While Treasury Wine’s share price has rallied 6.7% since the release of its full year results on August 19, over the same period the share price of Australian Vintage has fallen 7.8%.
Here’s what Australian Vintage reported:
- Revenue increased 7.5% to $230.9 million reflecting higher branded sales
- The 3 key brands of McGuigan, Tempus Two and Nepenthe have grown 43% over the past 3 years
- For the 12-month period, McGuigan grew sales by 18%, Tempus two by 11% and Nepenthe by 25%
- Total branded sales now account for 72% of all sales across the group
- Adjusted net profit after tax (NPAT) down from $7.6 million to $7.1 million
- Net debt of $104.3 million
- No dividend paid for the year
- On a divisional basis, Australia grew packaged sales by 10%, New Zealand by 14%, North America by 26% with Asia providing a drag with a decline of 7%. Meanwhile, the UK/Europe division produced an overall sales gain of 12% thanks to a 16% increase in bottled sales which more than offset a 28% decline in bulk sales.
While Treasury Wine was upbeat about its outlook and particularly the growth potential in China, the outlook provided by Australian Vintage’s management was much more muted…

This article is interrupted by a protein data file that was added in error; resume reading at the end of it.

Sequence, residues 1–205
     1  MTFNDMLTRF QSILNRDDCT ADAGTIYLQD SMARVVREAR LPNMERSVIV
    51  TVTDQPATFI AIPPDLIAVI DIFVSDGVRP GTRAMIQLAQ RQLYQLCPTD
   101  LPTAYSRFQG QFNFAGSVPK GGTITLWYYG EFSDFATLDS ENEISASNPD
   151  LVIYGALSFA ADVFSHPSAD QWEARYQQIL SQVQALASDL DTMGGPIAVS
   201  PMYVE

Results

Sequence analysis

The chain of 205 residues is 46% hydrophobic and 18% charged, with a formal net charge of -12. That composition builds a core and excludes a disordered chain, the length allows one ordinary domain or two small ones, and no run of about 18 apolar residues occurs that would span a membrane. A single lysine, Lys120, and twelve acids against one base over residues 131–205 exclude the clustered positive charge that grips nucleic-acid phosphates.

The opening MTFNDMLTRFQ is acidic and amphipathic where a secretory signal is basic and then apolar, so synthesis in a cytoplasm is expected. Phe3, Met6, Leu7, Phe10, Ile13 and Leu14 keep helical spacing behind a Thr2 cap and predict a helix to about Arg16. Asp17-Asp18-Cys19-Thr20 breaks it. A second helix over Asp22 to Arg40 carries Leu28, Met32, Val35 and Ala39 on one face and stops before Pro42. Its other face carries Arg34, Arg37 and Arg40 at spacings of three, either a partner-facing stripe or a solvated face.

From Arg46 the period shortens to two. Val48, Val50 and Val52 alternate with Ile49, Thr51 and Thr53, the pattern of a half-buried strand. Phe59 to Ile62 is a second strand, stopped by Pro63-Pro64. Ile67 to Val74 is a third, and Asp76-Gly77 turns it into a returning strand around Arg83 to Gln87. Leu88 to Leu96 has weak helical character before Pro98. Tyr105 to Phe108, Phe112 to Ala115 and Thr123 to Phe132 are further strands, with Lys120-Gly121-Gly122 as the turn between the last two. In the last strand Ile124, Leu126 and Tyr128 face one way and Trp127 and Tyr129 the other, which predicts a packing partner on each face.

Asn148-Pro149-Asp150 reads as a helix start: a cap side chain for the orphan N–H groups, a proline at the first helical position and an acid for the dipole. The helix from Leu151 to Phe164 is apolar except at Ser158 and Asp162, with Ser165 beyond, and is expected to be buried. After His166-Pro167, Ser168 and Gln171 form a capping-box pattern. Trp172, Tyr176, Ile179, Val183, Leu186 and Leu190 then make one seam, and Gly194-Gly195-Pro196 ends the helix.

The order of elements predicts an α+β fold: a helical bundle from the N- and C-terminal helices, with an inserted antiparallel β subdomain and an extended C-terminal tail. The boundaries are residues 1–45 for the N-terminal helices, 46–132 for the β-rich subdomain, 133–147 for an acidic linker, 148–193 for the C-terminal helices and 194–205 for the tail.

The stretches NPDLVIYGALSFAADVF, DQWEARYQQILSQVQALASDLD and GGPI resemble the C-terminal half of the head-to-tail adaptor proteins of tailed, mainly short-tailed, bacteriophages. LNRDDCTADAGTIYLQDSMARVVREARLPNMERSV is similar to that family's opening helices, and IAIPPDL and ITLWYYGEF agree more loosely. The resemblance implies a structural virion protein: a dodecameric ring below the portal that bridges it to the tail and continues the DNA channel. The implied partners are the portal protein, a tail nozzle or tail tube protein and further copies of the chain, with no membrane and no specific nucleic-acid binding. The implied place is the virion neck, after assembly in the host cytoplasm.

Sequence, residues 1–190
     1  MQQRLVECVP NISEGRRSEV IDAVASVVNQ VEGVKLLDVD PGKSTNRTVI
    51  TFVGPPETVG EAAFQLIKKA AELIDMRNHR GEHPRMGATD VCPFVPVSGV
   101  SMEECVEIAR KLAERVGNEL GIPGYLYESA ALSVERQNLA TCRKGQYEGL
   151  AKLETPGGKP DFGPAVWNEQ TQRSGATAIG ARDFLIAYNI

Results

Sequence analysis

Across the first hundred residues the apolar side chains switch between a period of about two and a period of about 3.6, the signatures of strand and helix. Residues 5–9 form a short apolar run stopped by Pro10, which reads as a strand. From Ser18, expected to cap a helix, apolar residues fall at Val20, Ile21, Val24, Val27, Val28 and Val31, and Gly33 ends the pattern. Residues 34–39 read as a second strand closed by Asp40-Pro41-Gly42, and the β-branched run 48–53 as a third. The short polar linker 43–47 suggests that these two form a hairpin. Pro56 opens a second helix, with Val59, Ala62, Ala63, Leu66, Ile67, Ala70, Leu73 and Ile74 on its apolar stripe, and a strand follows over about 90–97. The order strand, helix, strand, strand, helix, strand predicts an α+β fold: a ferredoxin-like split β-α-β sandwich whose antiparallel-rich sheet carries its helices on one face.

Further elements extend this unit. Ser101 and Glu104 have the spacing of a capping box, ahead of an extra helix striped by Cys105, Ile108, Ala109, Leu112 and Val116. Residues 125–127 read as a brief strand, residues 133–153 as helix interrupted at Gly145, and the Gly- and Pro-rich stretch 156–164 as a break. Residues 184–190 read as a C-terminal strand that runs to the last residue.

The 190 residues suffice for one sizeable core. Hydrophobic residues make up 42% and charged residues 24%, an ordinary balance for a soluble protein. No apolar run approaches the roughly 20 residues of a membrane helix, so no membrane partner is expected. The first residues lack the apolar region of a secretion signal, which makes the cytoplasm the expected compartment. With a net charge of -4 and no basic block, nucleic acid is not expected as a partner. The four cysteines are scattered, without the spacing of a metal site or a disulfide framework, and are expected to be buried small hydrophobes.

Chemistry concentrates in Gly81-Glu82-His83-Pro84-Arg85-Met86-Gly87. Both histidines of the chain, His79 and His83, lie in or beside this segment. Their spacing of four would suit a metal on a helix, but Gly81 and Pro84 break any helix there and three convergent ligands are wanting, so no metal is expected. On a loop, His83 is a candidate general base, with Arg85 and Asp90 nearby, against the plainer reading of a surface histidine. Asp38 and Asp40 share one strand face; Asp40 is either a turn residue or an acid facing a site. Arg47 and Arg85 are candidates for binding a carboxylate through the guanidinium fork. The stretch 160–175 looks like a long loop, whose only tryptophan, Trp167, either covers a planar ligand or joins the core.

“We continue to face short term challenges due to our high cost from the 2014 vintage and the ongoing margin pressure” noted Chairman Richard Davis.
Despite a more sanguine outlook for Australian Vintage compared with that from Treasury Wine Estates, the current pricing of Australian Vintage’s shares compared to an assessment of their value is arguably a more appealing investment proposition.
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Motley Fool contributor Tim McArthur has no position in any stocks mentioned. The Motley Fool Australia has no position in any of the stocks mentioned. We Fools may not all hold the same opinions, but we all believe that considering a diverse range of insights makes us better investors. The Motley Fool has a disclosure policy. This article contains general investment advice only (under AFSL 400691). Authorised by Bruce Jackson.
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